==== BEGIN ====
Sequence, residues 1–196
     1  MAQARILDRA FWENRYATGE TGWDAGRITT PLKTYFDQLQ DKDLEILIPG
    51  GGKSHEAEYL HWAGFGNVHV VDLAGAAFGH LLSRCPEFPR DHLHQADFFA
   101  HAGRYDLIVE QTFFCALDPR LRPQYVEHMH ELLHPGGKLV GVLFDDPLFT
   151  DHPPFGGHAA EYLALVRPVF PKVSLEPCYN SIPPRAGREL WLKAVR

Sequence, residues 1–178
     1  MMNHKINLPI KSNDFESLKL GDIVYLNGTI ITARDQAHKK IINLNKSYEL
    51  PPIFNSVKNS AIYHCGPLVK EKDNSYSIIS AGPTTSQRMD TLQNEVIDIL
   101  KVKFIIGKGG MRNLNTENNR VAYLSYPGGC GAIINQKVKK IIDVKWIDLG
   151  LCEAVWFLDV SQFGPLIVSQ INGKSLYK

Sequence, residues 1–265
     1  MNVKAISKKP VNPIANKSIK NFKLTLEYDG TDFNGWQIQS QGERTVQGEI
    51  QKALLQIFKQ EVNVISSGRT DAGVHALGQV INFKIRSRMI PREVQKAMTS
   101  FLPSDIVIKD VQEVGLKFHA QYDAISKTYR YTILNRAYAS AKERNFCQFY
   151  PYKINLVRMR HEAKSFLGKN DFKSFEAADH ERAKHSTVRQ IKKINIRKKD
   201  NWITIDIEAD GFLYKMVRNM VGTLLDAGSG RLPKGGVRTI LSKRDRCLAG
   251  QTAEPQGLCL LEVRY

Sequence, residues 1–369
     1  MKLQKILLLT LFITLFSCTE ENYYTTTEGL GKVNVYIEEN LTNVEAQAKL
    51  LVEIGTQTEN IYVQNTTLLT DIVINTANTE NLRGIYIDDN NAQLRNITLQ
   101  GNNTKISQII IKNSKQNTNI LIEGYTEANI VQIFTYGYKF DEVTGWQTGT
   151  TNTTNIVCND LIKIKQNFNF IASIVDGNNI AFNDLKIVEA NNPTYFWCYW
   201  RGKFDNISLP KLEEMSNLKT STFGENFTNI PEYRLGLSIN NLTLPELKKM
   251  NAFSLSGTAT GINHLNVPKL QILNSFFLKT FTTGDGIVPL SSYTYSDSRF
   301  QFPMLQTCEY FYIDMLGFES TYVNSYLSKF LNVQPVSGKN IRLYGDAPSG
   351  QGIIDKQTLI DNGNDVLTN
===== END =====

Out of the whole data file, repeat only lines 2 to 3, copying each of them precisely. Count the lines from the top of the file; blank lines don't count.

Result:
     1  MAQARILDRA FWENRYATGE TGWDAGRITT PLKTYFDQLQ DKDLEILIPG
    51  GGKSHEAEYL HWAGFGNVHV VDLAGAAFGH LLSRCPEFPR DHLHQADFFA